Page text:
scales of iron and of bone. The form of these scales varies considerably. One type of scale differs but little from those figured in Plate XXIV., but there is also a variety showing an irregular serrated edge, while another is composed of long metal strips arranged in perpendicular fashion.[1] We are told by Ammianus Marcellinus that the armour of the Parthians was fashioned of tongues of iron like feathers,[2] and the archers who wear it on the Trajan column were probably Orientals. As a matter of fact, at Carnuntum the shapes of the armour scales differ considerably. Colonel von Groller figures thirty-six different types.

In England the occurrence of scale armour has been noted on several occasions. About forty-seven scales were found at Ham Hill in Somerset.[3] These were of burnished bronze, every alternate one being tinned or silvered. They were fastened together by bronze rings, and resembled in form the Newstead specimens shown in Plate XXIV., except that they had mostly at the upper end two holes, instead of one, for the leather thong or other fastening to pass through. From Hod Hill in Dorset came two armour scales of a larger size,[4] while we have also specimens from Walltown Crag turret and Aesica on the wall of Hadrian. The last mentioned find, made in 1894, consisted of a considerable number of scales of very small size.[5] Each scale measures haff an inch by five-sixteenths of an inch, and is pierced with six holes in two rows of three. They were bound together with small ties of Wire, which passed through the outer holes, leaving the middle holes for securing them to the tunic.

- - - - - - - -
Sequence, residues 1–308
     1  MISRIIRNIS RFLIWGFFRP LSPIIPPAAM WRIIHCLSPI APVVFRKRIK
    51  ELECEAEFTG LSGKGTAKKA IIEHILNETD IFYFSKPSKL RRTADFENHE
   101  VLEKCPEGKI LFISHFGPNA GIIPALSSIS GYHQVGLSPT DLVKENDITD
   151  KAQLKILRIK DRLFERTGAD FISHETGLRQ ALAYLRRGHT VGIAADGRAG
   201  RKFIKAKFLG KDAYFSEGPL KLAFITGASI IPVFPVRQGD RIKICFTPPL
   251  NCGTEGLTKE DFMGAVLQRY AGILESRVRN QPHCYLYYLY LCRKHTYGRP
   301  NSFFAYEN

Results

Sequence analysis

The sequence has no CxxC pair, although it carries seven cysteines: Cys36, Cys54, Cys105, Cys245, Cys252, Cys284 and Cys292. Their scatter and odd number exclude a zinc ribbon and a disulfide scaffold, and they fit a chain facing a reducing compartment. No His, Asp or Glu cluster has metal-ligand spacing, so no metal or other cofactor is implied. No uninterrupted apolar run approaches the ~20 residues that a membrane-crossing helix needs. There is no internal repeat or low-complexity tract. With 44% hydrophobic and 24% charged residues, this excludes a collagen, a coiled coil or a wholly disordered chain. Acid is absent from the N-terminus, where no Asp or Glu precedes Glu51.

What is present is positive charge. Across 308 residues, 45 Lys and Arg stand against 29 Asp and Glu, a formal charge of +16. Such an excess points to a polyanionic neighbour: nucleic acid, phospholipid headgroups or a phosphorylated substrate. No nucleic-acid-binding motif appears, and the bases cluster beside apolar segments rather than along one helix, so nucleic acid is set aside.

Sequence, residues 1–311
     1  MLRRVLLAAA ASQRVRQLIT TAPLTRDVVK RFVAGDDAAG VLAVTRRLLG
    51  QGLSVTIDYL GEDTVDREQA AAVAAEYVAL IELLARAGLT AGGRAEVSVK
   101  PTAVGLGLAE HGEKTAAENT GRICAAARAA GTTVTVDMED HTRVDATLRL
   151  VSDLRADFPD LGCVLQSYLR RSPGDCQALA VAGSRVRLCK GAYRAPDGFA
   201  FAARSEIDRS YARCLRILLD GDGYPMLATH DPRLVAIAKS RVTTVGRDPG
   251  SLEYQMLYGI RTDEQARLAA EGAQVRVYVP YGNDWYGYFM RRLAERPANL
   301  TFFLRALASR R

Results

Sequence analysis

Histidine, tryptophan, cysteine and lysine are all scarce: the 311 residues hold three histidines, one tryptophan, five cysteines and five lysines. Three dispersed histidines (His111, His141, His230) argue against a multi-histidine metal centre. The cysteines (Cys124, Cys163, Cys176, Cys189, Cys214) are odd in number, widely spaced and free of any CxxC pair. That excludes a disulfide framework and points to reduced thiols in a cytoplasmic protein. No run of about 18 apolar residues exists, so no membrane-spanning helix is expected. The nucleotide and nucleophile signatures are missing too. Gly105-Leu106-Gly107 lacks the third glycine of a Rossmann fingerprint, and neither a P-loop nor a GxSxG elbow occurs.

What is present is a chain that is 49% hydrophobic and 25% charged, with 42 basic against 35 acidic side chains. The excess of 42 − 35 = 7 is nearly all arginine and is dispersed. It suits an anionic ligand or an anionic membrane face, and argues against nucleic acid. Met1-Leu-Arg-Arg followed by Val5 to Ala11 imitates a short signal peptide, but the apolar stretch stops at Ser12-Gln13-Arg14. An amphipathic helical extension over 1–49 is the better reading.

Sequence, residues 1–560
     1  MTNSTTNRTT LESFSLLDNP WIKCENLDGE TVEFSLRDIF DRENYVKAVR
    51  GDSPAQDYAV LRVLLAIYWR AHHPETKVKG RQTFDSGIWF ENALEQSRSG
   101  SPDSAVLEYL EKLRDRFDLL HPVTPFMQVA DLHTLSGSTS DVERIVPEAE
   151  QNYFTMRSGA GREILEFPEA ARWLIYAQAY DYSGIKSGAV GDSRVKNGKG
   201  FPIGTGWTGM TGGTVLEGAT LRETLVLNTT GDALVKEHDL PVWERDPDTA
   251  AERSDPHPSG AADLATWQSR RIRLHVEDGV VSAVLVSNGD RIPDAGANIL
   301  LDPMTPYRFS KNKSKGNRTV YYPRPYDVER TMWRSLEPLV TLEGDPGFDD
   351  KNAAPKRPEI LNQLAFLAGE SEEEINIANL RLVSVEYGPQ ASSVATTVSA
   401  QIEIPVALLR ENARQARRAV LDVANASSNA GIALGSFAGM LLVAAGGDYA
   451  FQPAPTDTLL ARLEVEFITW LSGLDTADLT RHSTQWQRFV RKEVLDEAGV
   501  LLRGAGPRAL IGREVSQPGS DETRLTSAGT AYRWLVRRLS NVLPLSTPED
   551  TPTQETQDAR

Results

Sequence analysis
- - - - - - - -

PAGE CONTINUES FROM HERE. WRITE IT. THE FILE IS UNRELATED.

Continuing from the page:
Scale armour has continued in use down to the present day. The British Museum possesses a Polish cuirass dating from the seventeenth century, and among the objects brought back by the recent expedition to Thibet were specimens which closely resemble those worn in Roman times. The scales of the Thibetan examples are of iron, and are two and three-eighths inches long and three-quarters of an inch wide. In each scale were twelve holes, through which passed the leather thongs for lacing them together, while a larger hole was punched through the upper end

1 Collection Khanenko. Antiquités de la Region du Dniepre. Kieff, 1899. Liv. ii. plate vii.; also liv. iii. plate xxxix.

2 Hostem undique laminis ferreis in modum tenuis plumac contectum. Ammianus, xxiv.

3 Haverfield, Victoria County History, Somerset, vol. 1. p. 296.

4 Proceedings of the Society of Antiquaries, vol. xxi. p. 135.

5 Proceedings of the Society of Antiquaries of Newcastle-on-Tyne, vol. vi. p. 245.